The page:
Many people will breathe a sigh of relief should Mir-Hossein Mousavi be elected as Iran’s
president. The question is whether a Mousavi victory and Ahmadinejad
defeat will indeed serve Israel’s
strategic interests, and the answer is probably ‘no.’
The election victory of reformist candidate Muhammad Khatami in 1997 and again in 2001 took Iran out of isolation, opened doors that were previously closed, and in fact extended the life of the Islamic regime.
In the face of Khatami’s smiles and promising slogans in respect to civil society, the rule of law, and intercultural dialogue, Israel’s warnings that we were dealing with more of the same appeared delusional. By winning the elections, and throughout his presidential term, Khatami managed to a large extent to neutralize the explosive domestic element and blur external criticism.
Only after the radical Ahmadinejad’s victory in 2005, and paritcuarly in wake of his venomous statements against the State of Israel and his prominent Holocaust denial, the Western world starting seeing Iran in the light Israeli leaders hoped for. This prompted Western states to gradually intensify the moves they were willing to adopt against Iran, including countries such as France and Germany, which until then refrained from adopting a harsh approach vis-à-vis the Islamic regime in Tehran.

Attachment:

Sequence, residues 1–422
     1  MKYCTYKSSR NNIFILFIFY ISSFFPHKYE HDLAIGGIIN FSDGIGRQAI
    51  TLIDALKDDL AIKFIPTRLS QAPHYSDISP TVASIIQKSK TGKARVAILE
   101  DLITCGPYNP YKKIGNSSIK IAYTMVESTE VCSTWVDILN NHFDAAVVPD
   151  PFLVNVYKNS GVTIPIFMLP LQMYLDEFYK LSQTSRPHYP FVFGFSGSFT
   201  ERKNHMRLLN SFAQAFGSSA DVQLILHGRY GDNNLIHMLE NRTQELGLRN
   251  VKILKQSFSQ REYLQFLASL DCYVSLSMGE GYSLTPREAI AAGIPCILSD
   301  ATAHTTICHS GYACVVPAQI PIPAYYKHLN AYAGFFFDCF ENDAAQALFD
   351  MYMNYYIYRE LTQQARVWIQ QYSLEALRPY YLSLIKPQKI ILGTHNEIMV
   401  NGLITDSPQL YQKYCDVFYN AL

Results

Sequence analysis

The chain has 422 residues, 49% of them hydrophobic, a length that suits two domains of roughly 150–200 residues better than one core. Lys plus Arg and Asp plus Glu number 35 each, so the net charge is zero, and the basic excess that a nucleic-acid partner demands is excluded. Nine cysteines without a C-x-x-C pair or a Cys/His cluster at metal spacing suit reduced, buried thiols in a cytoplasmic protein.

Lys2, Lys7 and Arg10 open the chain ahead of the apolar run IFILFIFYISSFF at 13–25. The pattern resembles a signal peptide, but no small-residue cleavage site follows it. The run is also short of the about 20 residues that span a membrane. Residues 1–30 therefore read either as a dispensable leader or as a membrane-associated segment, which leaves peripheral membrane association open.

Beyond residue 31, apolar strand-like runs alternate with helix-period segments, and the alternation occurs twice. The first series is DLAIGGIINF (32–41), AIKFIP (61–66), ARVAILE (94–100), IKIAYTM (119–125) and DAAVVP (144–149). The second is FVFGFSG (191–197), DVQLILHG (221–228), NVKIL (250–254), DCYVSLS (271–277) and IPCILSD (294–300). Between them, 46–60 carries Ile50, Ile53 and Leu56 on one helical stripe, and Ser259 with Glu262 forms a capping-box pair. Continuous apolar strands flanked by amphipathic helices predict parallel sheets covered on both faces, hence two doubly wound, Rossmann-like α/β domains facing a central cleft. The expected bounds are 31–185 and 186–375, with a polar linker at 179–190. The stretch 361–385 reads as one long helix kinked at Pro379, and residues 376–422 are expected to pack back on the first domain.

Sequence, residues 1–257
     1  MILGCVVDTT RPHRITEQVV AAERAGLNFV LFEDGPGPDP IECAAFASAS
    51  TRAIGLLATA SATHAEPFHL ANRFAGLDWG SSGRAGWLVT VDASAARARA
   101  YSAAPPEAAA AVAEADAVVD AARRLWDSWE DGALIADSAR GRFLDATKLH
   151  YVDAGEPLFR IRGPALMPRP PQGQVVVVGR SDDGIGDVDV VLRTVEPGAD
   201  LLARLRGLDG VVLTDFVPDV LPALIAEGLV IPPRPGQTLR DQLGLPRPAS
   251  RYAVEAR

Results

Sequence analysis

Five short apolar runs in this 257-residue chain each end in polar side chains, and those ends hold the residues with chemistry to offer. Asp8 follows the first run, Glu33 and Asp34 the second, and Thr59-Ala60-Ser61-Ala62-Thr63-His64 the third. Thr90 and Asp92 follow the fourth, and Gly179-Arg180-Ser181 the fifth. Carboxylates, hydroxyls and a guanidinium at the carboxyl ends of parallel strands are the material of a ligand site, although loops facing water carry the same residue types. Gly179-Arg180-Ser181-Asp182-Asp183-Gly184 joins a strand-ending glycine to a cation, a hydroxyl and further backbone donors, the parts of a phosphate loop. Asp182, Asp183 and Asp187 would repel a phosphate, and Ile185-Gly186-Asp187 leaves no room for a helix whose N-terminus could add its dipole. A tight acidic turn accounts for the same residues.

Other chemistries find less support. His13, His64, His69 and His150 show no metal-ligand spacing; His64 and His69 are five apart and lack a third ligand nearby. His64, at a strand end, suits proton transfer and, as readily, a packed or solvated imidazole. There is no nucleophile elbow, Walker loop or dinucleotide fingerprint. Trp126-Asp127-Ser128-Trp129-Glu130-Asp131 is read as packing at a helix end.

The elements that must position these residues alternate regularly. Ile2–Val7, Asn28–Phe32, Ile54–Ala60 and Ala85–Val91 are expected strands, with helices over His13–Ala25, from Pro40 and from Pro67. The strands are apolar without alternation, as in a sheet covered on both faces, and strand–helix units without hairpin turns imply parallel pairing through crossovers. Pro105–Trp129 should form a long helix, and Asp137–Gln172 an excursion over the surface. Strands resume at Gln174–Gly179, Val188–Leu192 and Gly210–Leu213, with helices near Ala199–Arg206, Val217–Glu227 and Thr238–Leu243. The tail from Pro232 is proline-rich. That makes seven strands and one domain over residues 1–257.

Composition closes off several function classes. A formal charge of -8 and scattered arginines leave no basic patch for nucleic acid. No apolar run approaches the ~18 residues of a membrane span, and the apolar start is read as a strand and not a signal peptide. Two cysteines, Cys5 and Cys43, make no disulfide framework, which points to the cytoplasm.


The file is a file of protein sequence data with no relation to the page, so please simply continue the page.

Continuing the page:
At this time, Iran is in a similar situation to the one it faced in 1997. We can assume that a victory by the reformist Mousavi and his moderate statements would prompt the Obama Administration and European leaders to be much more open and attentive and much less critical towards Iran. In order to boost the moderate bloc and encourage liberal trends in Iran, the West was willing to offer a reformist government more attractive “packages” and longer extensions.
In a state where the president in fact implements the policy outlined by supreme leader Khamenei, a Mousavi win will enable Iran to break the isolation, grant an insurance policy to the Ayatollah regime, and bring it closer to the bomb.
There is no doubt that Israel is interested in seeing a liberal regime that is less hostile to it in Iran. Yet in light of the structure of Iran’s regime it could very well be that an Ahmadinejad win – and as result continued popular bitterness within Iran and the harsh approach to Iran on the international stage – is better for Israel.
The writer heads the Ezri Center for Iran and Persian Gulf Studies at University of Haifa.